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Thread: Can you tie lav drain into a toilet vent (wet vent)? W/SKETCH

1. Can you tie lav drain into a toilet vent (wet vent)? W/SKETCH

Hi. A few questions (tried to change the title):

Question 1)

This question has nothing to do with the sketch and probably isn't that simple but here goes: Can I have the following drains all tie into a 30' long, horizontal 2inch "main" before this 2inch pipe connects to the 3" stack running to the basement? Or should I upsize to 3" where one of these ties in (which one)?

In Order
2" washing machine (farthest - 30' from 3" stack)
1.5" laundry sink
2" shower
1.5" lav (middle distance - 15' from 3" stack)
1.5" lav -2nd one
1.5" tub (closest - 10' from 3" stack)

Question 2)
In the iso sketch below the 1.5" bathroom lav drain (yelllow) runs HORIZONTAL the whole length until the end where it drops down ( via 90) and then connects onto a 3"x 1.5" WYE (GREEN) via a 1/6. This green WYE connects to the vent top of the 3" Sani TEE from the toilet drain (purple). I gave the lav its own 1.5" vent. I assume this Green WYE becomes a wet vent in this setup if I understand wet vents correctly. Above this 3" green wet vent section I reduced it to a 2" dry vent to roof.

Will this work? sorry - got double image and can't delete bottom one

2. Q.1 answer: UPC lists the total fixture units you describe as 10.5 f.u. and shows that you may have 16 f.u. on Vertical drainage piping and 8 f.u. on horizontal. So you can run the washing machine in 2" (3 f.u.) and laundry sink (1.5 f.u.) and shower (2 f.u.) and lavs are 1 f.u. apiece. so do the math and increase to 3" once you hit the max of 8.
IMPORTANT NOTE: Tub trap and arm are ok in 1-1/2" but after the vent (within 3.5') it should be 2" pipe for the rest. also will be less prone to clogging.

Q.2. looks pretty ok and should work fine. BTW, how did you draw that? IMHO it came out very easy to understand.

3. breplum,
Thanks for the simple answer in Q1. I read about the f.u. requirements but I didn't fully get it.

Re the sketch - I did that in AutoCad and did a screen capture to export the image. Since I'm new to plumbing I need to draw everything to understand/remember what I'm doing & the colors help me keep it all straight.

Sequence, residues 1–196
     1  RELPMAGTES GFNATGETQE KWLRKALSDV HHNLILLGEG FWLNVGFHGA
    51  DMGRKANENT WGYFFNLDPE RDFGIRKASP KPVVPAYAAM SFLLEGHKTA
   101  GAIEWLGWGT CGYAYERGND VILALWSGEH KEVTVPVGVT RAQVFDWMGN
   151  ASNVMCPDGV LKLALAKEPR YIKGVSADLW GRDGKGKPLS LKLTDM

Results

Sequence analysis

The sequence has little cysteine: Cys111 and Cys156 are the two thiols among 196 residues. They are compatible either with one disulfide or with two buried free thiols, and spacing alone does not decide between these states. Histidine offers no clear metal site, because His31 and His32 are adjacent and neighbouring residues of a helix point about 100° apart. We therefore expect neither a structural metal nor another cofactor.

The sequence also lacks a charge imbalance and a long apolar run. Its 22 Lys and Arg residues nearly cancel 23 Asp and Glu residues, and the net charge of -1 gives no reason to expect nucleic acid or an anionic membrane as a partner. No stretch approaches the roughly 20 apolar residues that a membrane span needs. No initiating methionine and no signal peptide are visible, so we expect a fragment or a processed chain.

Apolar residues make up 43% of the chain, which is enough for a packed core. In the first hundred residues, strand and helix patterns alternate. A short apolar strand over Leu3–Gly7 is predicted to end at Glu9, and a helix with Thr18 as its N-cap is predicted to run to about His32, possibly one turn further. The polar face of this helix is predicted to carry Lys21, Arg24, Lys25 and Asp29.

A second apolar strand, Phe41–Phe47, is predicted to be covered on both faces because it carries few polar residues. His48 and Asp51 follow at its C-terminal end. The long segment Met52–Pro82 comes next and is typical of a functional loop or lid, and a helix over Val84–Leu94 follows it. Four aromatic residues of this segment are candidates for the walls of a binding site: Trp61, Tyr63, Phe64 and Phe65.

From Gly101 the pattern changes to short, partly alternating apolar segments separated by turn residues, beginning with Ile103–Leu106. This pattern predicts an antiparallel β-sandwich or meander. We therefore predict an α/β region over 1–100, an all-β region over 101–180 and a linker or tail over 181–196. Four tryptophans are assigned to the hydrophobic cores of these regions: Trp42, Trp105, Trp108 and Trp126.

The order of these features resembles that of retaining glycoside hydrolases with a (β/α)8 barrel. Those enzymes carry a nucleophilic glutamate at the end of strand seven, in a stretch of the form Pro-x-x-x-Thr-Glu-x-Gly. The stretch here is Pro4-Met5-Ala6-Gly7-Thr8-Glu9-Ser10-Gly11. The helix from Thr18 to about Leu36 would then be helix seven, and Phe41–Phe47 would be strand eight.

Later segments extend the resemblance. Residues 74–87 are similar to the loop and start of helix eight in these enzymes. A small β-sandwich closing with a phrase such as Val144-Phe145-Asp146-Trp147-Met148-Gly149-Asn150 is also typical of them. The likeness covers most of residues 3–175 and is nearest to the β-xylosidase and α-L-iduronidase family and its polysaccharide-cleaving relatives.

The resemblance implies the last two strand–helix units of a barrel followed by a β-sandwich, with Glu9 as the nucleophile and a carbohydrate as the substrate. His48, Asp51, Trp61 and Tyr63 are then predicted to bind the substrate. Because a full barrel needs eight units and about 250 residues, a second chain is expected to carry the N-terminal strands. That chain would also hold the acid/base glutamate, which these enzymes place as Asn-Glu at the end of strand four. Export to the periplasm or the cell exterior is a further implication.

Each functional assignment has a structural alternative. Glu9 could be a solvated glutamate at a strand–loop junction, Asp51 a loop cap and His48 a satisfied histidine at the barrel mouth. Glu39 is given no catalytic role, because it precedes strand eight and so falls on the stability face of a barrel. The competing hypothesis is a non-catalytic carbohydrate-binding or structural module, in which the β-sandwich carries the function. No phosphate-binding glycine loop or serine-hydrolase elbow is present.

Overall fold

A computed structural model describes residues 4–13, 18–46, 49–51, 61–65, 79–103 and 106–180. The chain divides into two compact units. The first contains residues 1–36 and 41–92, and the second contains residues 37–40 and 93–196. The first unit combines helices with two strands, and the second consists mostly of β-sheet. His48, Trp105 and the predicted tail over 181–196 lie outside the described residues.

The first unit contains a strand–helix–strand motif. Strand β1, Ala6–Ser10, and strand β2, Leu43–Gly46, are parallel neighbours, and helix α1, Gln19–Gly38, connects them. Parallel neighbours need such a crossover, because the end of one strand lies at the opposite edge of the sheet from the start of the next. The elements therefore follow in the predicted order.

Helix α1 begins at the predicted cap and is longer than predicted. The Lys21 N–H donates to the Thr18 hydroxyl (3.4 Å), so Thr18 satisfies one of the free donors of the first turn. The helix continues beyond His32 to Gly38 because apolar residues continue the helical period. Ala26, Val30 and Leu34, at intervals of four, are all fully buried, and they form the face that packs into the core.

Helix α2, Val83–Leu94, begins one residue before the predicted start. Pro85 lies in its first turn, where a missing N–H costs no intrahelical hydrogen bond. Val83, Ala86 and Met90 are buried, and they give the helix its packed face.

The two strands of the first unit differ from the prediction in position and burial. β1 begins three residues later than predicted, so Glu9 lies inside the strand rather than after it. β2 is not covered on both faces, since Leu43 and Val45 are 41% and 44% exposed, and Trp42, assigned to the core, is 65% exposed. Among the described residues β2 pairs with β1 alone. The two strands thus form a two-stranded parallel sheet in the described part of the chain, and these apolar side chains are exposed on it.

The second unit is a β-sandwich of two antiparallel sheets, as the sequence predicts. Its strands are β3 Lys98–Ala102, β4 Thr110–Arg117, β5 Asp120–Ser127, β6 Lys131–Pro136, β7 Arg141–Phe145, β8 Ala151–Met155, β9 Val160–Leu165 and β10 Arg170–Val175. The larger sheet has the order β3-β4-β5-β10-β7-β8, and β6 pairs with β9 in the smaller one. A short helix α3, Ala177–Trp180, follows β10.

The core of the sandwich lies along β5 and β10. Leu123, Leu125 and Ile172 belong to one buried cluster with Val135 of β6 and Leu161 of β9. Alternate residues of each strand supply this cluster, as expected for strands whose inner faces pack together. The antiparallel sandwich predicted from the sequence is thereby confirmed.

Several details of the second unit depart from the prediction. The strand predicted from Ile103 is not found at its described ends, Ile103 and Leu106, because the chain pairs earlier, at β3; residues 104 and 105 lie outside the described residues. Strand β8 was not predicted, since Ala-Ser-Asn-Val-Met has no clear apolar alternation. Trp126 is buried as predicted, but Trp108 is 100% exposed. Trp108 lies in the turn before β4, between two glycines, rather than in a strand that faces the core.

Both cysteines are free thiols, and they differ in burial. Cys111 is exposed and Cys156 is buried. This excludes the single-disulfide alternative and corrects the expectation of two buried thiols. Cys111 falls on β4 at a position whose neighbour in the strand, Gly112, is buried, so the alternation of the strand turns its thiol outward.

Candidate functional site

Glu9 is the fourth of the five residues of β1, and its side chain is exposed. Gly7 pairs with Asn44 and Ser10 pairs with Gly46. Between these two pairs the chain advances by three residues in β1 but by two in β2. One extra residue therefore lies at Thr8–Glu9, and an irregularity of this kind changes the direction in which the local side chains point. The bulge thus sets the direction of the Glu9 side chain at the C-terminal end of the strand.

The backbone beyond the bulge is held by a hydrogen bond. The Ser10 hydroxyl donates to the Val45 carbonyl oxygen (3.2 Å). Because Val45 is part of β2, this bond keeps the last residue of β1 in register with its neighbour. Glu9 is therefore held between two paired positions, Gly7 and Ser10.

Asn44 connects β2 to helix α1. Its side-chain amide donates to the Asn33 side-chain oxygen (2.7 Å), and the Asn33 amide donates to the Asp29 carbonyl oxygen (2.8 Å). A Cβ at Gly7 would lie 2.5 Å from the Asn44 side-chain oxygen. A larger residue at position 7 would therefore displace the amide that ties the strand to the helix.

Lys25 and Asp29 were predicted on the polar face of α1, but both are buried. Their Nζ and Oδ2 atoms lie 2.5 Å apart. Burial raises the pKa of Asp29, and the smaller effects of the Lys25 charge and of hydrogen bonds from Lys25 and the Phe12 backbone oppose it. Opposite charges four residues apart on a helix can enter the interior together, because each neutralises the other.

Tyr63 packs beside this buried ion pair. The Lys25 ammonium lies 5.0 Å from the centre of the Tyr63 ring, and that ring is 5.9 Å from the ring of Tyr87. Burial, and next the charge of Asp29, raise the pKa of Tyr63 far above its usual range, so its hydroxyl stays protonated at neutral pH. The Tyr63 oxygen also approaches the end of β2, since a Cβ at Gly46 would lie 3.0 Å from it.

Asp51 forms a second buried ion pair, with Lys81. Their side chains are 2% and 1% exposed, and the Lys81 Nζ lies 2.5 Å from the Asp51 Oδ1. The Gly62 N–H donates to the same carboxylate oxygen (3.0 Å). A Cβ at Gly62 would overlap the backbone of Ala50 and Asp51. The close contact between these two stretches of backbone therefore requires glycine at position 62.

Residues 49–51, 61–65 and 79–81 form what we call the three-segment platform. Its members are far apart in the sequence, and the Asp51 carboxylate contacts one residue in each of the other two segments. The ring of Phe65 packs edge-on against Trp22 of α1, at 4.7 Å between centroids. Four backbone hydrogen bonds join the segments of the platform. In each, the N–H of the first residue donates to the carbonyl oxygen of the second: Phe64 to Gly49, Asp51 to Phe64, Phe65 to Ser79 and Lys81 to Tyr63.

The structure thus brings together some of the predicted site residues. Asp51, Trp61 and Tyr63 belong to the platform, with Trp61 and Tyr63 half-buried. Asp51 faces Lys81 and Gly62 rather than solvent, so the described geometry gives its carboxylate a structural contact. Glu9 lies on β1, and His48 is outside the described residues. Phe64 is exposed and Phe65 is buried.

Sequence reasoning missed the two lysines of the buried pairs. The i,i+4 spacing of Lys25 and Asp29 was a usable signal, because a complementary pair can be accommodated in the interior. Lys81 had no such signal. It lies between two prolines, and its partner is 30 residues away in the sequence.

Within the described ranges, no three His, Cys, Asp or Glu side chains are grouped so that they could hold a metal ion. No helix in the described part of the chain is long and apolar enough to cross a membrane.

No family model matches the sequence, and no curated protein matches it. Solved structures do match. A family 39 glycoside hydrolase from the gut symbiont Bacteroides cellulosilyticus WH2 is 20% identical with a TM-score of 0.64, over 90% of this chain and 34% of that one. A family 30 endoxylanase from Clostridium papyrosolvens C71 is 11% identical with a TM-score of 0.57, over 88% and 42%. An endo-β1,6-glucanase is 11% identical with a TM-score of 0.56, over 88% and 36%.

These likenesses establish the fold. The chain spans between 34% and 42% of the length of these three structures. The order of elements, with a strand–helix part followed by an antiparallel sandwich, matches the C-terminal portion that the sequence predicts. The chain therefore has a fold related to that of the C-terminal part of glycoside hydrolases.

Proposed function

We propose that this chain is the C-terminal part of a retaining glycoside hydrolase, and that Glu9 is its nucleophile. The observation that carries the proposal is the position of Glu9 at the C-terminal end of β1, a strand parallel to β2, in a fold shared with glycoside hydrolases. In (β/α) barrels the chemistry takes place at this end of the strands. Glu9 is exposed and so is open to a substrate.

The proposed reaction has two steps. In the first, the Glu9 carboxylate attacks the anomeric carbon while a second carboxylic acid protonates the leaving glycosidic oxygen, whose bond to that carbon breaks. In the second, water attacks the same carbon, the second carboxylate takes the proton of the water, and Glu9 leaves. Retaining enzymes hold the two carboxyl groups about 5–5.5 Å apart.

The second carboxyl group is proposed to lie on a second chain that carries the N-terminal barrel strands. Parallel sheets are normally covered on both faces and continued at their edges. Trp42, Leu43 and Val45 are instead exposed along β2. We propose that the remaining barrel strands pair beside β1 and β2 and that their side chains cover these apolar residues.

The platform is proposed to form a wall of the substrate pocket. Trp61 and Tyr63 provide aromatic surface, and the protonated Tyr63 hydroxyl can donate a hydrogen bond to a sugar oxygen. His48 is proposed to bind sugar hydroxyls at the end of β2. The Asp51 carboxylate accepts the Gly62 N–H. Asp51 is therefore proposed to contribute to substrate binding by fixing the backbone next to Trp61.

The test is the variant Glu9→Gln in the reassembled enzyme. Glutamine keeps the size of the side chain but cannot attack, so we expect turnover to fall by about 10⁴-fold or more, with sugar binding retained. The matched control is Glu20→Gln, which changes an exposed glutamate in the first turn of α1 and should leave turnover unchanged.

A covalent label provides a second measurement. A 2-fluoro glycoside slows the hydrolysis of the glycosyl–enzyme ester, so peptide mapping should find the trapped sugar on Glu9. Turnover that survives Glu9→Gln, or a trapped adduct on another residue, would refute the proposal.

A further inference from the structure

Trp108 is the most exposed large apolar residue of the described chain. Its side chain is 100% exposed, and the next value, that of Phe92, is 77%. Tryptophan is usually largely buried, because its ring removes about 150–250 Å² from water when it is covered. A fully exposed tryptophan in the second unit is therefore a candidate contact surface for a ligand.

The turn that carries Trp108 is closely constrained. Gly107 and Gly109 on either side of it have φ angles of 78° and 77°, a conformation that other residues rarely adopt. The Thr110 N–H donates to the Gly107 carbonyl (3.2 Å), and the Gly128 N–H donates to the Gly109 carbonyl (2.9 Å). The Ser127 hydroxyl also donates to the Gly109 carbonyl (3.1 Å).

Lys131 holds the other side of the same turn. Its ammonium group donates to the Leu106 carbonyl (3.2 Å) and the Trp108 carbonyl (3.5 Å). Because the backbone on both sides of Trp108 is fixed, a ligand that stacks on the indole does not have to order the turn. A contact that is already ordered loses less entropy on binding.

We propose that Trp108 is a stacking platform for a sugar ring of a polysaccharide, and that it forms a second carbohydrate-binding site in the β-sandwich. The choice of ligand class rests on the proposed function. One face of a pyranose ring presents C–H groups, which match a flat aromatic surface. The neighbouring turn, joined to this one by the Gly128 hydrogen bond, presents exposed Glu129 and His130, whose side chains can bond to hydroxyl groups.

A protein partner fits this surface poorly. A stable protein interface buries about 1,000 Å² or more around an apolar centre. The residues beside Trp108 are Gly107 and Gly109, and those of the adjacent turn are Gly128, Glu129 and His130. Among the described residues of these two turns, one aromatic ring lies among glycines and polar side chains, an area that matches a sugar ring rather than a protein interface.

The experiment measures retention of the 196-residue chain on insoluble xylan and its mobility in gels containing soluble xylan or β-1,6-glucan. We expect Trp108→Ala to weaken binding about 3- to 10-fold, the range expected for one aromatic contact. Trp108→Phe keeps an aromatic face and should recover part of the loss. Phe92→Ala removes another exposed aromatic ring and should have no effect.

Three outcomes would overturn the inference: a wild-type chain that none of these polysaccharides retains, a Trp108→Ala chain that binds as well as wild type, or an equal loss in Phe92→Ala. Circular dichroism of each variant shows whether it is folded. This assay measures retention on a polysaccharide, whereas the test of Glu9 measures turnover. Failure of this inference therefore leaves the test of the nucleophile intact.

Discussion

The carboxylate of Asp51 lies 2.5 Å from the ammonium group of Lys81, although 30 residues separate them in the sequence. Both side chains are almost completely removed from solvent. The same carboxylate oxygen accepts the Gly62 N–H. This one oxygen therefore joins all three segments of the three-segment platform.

Thanks again!!

4. The lav trap arm can be up to 42" long and have one 90 degree bend.

It can not turn down until it meets the stack or it no longer is considered vented.

You're really going out of your way on this, instead of plumbing so that it works, you're trying to skimp on this. Once these pipes are in the wall, you're screwed.

5. Originally Posted by Terry
The lav trap arm can be up to 42" long and have one 90 degree bend.

It can not turn down until it meets the stack or it no longer is considered vented.

You're really going out of your way on this, instead of plumbing so that it works, you're trying to skimp on this. Once these pipes are in the wall, you're screwed.
Hi Terry - I respect your opinion so I'm hoping you didn't understand my drawing/explanation or else I am screwed! To clarify - the lav trap arm is horizontal to its own 1.5" vent only 24" away (and has one 60 degree fitting before the vent). The lav drain then continues horizontally until it turns down to join the 3" stack, which has its own 2" vent. The 1.5" and 2" vents will be joined in the attic.

I cannot run the lav drain down since there aren't any walls underneath to take it to the basement, the joists all run the wrong way plus the space is finished below it so I cannot access the joists to drill if I wanted to.

Does this clarify what I'm trying to do or do you still think I am skimping on this?

6. I missed the vent with the blue dashed lines.

But it was fun writing that. Not so fun to notice I missed the vent in the drawing.

7. thanks! no problem - just glad I can install it this way.

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